(Podcast) Episode 027: What’s Ahead for the 2017/18 Pulse Markets?

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Anton chats with Joe Janzen, assistant professor of economics at Montana State University, about what happened in the 2017 pulse markets and what’s ahead in the marketing year. Joe provides insights about several key market metrics that can be used to evaluate economics signals of how much pulse crops are valued, which can be useful in production and management decisions. He also discusses the implications of the recently enacted Indian trade restrictions for peas.

For this podcast, we’ve also included a video that presents charts and figures associated with the discussion. You can view the video below.


2:05  What exactly are pulse crop markets in the northern Great Plains? And why are they important to this region’s agricultural sector?

4:00  How economically significant are pulse markets to the northern Great Plains? Are we at corn and soybean levels? Or are pulse crops still a “specialty” crop?

5:00  How has the grain handling infrastructure changed to adapt to the increased pulse production?

6:15  What’s the latest on pulse crop prices? What do they mean for crop production decisions?

9:25  What should we look forward to in the upcoming year? What signals should producers and consumers of pulse crops watch for?

11:40 What are the market and policy issues on the 2018 horizon that may impact production and management decisions?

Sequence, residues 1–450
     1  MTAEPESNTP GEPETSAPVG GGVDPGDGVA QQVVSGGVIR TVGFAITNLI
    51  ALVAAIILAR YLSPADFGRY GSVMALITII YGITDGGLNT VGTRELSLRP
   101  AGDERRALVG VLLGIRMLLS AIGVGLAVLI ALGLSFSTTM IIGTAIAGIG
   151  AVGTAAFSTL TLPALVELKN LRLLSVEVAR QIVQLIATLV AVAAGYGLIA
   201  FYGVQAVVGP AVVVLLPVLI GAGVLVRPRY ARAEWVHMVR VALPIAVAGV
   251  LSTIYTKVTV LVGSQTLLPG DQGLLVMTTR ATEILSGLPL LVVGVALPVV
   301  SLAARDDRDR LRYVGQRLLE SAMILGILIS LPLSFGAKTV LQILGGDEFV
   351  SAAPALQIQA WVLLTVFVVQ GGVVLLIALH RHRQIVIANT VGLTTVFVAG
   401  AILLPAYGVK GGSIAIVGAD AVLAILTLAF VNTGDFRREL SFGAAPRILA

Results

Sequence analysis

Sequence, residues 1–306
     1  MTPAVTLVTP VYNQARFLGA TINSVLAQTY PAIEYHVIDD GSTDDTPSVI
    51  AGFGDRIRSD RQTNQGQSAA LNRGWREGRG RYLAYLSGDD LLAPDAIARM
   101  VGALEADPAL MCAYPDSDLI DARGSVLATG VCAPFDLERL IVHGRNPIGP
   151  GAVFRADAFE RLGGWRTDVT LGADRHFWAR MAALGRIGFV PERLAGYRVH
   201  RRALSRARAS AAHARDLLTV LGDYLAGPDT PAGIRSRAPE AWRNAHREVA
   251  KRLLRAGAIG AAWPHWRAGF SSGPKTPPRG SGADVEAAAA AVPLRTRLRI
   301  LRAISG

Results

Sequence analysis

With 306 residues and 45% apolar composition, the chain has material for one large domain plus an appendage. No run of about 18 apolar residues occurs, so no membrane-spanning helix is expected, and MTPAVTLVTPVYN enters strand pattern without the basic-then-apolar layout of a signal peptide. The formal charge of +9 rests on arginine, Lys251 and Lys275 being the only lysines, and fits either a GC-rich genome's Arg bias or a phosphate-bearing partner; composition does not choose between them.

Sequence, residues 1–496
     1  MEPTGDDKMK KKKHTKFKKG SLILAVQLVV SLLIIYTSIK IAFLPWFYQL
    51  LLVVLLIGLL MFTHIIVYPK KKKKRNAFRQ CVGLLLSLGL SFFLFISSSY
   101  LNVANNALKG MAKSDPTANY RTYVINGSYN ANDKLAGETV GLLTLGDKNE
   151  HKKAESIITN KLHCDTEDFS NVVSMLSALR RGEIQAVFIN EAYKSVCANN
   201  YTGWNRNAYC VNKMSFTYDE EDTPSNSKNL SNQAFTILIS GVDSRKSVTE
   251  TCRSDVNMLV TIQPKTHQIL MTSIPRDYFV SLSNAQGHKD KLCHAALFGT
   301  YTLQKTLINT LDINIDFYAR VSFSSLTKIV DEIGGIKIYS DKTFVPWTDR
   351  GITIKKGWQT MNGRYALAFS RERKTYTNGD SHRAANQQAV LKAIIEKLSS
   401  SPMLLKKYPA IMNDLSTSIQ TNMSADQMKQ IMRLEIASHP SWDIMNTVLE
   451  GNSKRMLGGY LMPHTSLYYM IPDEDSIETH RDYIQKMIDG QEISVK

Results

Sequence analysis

15:25  What’s the importance of export markets for pulse producers? What’s the biggest issue facing this market in 2018?

20:40  Who cares that there is a pulse tariff in India? How does that affect northern U.S. producers?

22:10  What are the 2-3 main drivers of pulse market trends that we are likely to observe in 2018?

(Intro and outro music by Trevor Sensor)

(Photo by tuchodi is licensed under CC BY 4.0)


About Author

Dr. Anton Bekkerman is a former associate professor in the Department of Agricultural Economics and Economics at Montana State University. He currently serves as the director of the New Hampshire Agricultural Experiment Station. Bekkerman's primary areas of research are grain marketing, basis and price forecast modeling, understanding how grain prices are affected by changes in supply chain infrastructures and quality demands, and analyzing the economic trade-offs of adopting alternative dryland cropping systems in Montana. Although Bekkerman grew up on the east coast, he had made a small step toward production agricultural after ranching a flock of six backyard chickens.

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